After Halloween H20: Twenty Years Later (I had to do it one more time), my girlfriend made the remark that “it was just kind of boring.” That to me is the best review that a person can give of this movie; it’s boring. If the only Halloween movie you had ever watched was H20 you would wonder why people ever liked them. I’m not sure I could say that about any of the other movies up to this point. Even in the dregs of 4 and 5 there were still visions of horror greatness (Donald Pleasance was still awesome in them for one). Not so in H20. It’s a limp noodle.
In the summer of 2002, my girlfriend at the time went on a vacation to New York. While in Chinatown, she bought a couple of bootleg VHS tapes (remember those?), one of which was Deuces Wild, the other was a copy of the just released Halloween: Resurrection. As is often the case with bootlegged movies made in a foreign country, the word Resurrection was spelled Reserection on the box. From that point onward Halloween: Resurrection has been Halloween: Reserection in my mind, although the film contained within has no chance of ever inducing an erection unless what makes you horny is Busta Rhymes saying, in all seriousness, “Trick or Treat, Muthafucka!” If this is the case, then you will probably soil your pants a couple of times throughout the film.
I’m not even going to bother with the plot of this one. Halloween: Reserection stands head and shoulders above all the rest in terribleness. The plot is horrible, Laurie Strode is killed off in a pre-credit sequence that has nothing to do with the rest of the movie, and the movie actually has the worst dialogue and performances of the entire series. It is directed by Rick Rosenthal, who also directed Halloween II, and the only reason I can find for this is that he was trying to make Halloween II seem that much better. If this is the case then congrats Rick, it worked!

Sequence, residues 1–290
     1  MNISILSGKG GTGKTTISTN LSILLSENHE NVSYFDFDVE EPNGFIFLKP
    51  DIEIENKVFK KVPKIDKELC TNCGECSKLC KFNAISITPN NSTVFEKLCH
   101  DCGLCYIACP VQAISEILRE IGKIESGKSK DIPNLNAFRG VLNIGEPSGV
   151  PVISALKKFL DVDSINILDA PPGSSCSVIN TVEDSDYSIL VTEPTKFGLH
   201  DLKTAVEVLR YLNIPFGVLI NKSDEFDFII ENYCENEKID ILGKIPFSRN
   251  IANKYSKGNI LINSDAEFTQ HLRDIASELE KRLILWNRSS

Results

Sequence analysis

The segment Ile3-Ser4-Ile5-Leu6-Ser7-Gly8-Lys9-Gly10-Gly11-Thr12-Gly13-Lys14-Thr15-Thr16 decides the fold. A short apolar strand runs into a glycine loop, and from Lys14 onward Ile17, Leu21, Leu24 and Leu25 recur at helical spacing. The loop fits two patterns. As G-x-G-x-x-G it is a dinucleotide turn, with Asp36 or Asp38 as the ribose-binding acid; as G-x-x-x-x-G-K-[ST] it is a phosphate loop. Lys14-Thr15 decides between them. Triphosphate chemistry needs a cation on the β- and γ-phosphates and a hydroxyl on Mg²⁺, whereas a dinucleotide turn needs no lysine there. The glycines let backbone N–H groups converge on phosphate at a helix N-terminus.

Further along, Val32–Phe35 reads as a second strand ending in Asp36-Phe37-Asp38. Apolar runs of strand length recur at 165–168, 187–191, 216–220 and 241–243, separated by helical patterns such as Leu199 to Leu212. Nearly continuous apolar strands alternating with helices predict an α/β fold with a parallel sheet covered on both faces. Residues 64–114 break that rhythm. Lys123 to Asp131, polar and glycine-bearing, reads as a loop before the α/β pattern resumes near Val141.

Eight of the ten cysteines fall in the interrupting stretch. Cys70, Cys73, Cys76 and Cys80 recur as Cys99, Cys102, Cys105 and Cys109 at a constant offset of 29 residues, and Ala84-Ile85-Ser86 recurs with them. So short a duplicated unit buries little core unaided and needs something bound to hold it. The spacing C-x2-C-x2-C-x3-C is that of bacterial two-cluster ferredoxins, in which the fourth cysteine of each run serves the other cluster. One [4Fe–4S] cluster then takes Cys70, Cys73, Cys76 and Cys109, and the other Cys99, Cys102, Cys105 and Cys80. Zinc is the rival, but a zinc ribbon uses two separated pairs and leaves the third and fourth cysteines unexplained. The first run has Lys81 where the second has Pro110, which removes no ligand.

Reserection feature both Tyra Banks AND Busta Rhymes in acting roles. I wish I was joking about this. In all reality Tyra Banks isn’t terrible and she only has about five minutes of total screen time. Busta Rhymes, on the other hand, turns in the single worst performance in all of the Halloween movies up to this point. I hope he is as ashamed of his performance as the coked-up producers should be for thinking he had any acting ability. Really listen to his dialogue if you are ever forced to watch this turd; he is obviously ad-libbing the majority of it and it is terrible. Oh yeah, and he gets into a badly choreographed kung-fu fight with Michael Myers. Thanks Satan!
The film also features Katie Sackhoff doing her best Brittany Murphy impression, that guy no one remembers from American Pie (Thomas Ian Nicholas), and oh who cares? All you need to know is that this movie blows. I doubt that anyone involved (except for Busta Rhymes) still has this movie on their resume. If you have to watch this one, watch it with friends and laugh at the absurdities of it.
It’s time, Rob Zombie. It’s time to answer for House of 1000 Corpses (not really, but one day!). Rob Zombie’s remake of Halloween and Rob Zombie’s not remake of Halloween II that is still called Halloween II for whatever reason are coming.
Until Next time…